Contents

Biography

Edward Saïd was born in Jerusalem (then in the British Mandate of Palestine) on November 1, 1935. His father was a wealthy Palestinian Christian businessman, an American citizen, and member of the U.S. Armed Services while his mother was born in Nazareth of Christian Lebanese and Palestinian descent. [2]. He referred to himself as a "Christian wrapped in a Muslim culture." His sister was the historian and writer Rosemarie Said Zahlan. According to Saïd's autobiographical memoir, Out of Place (excerpted in London Review of Books article "Between Worlds"), Saïd lived "between worlds" in both Cairo and Jerusalem until the age of 12. In 1947, he attended the Anglican St. George's Academy when he was in Jerusalem, but his extended family became (in his word) "refugees" in 1948 during the 1948 Arab-Israeli War when his family home in Talbiya was annexed, along with the western part of Jerusalem, by Israel: For other uses, see Jerusalem (disambiguation). ... Flag The approximate borders of the British Mandate circa 1922. ... is the 305th day of the year (306th in leap years) in the Gregorian calendar. ... 1935 (MCMXXXV) was a common year starting on Tuesday (link will display full calendar). ... The Palestinian Christians are Palestinians who follow Christianity. ... Hebrew נָצְרַת (Natzrat) (Standard) Náẓərat Arabic الناصرة (an-Nāṣira) Name Meaning Ancient word in Hebrew Government City District North Population 64,800[1] (2006) Jurisdiction 14 200 dunams (14. ... Rosemarie Said Zahlan (Arabic: ‎), (August 20, 1937 - May 10, 2006) was a Palestinian-American historian and writer on the Gulf states. ... The London Review of Books (or LRB) is a twice-monthly British literary magazine. ... The Church of England logo since 1998 The Church of England is the officially established Christian church[1] in England, and acts as the mother and senior branch of the worldwide Anglican Communion, as well as a founding member of the Porvoo Communion. ... Combatants  Israel Haganah Irgun Lehi Palmach Foreign Volunteers Egypt, Syria, Transjordan,  Lebanon, Iraq, Saudi Arabia, Yemen, Holy War Army, Arab Liberation Army Commanders Yaakov Dori, Yigael Yadin John Bagot Glubb, Abd al-Qadir al-Husayni, Hasan Salama, Fawzi Al-Qawuqji, Ahmed Ali al-Mwawi Strength  Israel: 29,677 initially rising... This article or section cites very few or no references or sources. ...

I was born in Jerusalem and had spent most of my formative years there and, after 1948, when my entire family became refugees, in Egypt. All my early education had, however, been in élite colonial schools, English public schools designed by the British to bring up a generation of Arabs with natural ties to Britain. The last one I went to before I left the Middle East to go to the United States was Victoria College in Alexandria, a school in effect created to educate those ruling-class Arabs and Levantines who were going to take over after the British left. My contemporaries and classmates included King Hussein of Jordan, several Jordanian, Egyptian, Syrian and Saudi boys who were to become ministers, prime ministers and leading businessmen, as well as such glamorous figures as Michel Shalhoub, head prefect of the school and chief tormentor when I was a relatively junior boy, whom everyone has seen on screen as Omar Sharif.[3] A public school, in common English usage, is a (usually) prestigious school which charges fees and is not financed by the state. ... Victoria College, Alexandria, was founded in 1902 under the impetus of the recently ennobled Evelyn Baring, 1st Earl of Cromer of the Barings Bank, that was heavily invested in Egyptian stability. ... This article is about the city in Egypt. ... Hussein bin Talal (Arabic: حسين بن طلال) (November 14, 1935 - February 7, 1999) was the King of the Hashemite Kingdom of Jordan from 1952 to 1999. ... For the Pakistani actor of the same name, see Umer Sharif. ...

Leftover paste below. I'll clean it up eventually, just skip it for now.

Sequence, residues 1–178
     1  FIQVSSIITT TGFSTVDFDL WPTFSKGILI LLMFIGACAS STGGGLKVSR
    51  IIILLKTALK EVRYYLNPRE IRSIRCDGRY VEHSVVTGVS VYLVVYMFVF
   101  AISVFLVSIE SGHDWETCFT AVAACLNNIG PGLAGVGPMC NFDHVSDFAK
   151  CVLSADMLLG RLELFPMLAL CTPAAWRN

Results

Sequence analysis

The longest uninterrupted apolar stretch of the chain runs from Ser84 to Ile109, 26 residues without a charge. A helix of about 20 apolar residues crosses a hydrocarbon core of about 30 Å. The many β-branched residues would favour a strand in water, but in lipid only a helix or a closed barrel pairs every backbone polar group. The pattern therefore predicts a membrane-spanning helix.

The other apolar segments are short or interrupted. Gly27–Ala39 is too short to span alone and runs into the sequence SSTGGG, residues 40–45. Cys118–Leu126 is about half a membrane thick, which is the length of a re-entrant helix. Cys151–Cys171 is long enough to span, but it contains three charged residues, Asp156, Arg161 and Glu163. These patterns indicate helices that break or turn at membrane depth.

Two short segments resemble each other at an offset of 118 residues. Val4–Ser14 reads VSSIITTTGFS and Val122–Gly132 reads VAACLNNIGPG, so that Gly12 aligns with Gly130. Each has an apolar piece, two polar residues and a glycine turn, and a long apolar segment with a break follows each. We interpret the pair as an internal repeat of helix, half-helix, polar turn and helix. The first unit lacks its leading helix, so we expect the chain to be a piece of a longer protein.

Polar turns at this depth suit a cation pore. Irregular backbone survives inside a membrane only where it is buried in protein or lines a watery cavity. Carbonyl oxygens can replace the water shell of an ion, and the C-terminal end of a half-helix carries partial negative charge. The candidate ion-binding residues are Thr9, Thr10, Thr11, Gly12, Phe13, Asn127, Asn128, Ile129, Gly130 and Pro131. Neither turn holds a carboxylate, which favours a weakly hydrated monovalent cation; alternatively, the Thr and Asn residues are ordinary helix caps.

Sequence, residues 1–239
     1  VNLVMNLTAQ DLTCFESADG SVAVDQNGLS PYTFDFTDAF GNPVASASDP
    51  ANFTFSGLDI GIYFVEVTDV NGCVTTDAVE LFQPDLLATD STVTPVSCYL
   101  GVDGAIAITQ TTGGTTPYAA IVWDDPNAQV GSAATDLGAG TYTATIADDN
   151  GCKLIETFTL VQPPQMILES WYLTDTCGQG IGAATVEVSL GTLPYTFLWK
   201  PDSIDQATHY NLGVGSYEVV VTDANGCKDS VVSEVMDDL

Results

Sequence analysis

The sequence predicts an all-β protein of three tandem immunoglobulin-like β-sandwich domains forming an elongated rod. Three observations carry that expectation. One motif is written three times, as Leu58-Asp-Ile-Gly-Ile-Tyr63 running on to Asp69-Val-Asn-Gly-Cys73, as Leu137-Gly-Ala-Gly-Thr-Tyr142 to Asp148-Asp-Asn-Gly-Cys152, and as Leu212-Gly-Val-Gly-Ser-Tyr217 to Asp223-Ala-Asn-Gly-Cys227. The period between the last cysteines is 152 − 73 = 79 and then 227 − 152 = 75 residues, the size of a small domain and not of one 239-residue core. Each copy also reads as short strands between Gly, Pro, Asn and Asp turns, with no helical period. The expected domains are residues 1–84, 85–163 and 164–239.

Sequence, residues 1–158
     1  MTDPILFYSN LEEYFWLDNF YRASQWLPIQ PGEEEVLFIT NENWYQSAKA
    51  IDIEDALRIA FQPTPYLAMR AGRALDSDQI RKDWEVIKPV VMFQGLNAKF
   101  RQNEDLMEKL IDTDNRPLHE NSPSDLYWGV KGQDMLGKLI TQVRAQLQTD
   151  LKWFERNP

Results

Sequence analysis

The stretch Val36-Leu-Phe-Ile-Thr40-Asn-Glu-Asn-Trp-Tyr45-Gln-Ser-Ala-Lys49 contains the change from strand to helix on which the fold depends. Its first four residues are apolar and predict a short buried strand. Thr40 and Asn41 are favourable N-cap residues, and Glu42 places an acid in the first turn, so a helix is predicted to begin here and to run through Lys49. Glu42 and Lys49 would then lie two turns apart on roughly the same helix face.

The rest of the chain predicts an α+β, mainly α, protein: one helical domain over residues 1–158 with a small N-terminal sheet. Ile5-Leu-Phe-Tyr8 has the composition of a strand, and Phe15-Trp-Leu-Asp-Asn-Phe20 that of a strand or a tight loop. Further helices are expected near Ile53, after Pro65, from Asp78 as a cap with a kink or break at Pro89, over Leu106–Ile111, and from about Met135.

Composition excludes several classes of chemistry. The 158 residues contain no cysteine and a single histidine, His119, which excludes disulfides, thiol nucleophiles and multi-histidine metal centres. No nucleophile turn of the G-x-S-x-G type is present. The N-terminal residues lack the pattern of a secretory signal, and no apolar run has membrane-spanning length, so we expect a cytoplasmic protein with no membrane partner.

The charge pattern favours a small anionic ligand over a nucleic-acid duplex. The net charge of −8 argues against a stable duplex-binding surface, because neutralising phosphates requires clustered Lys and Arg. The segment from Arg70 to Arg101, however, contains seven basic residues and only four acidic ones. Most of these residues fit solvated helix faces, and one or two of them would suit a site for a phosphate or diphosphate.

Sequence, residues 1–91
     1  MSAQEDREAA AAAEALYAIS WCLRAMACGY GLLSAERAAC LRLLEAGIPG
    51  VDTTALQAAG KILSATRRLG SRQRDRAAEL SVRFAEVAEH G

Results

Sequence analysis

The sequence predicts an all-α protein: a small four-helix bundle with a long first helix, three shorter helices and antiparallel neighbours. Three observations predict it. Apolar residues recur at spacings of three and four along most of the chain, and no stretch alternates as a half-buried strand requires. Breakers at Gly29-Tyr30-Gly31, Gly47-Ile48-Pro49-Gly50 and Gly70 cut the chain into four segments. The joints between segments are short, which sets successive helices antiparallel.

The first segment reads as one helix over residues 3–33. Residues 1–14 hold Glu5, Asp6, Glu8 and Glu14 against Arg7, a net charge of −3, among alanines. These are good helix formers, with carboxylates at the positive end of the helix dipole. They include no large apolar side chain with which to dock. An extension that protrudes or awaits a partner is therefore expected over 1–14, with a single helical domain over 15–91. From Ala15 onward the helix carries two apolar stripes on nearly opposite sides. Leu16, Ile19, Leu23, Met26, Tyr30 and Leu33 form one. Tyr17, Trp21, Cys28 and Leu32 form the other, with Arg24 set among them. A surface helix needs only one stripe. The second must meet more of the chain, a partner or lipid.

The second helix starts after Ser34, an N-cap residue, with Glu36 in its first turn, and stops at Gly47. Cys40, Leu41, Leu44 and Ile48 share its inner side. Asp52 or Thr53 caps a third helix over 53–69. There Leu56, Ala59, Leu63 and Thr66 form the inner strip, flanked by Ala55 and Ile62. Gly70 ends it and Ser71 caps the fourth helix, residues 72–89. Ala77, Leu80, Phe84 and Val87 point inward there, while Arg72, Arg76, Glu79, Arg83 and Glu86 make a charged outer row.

At the age of 15, Saïd's parents sent him to Mount Hermon School, a private college preparatory school in Massachusetts, where he recalls a "miserable" year feeling "out of place" ("Between Worlds"). Northfield Mount Hermon Northfield Mount Hermon (NMH) is a ninth-twelfth grade private college preparatory high school (secondary school) located in western Massachusetts, U.S.A. Its Northfield campus is located in Northfield, Massachusetts, and its Mount Hermon campus is located in nearby Gill, Massachusetts. ... This article is about the U.S. State. ...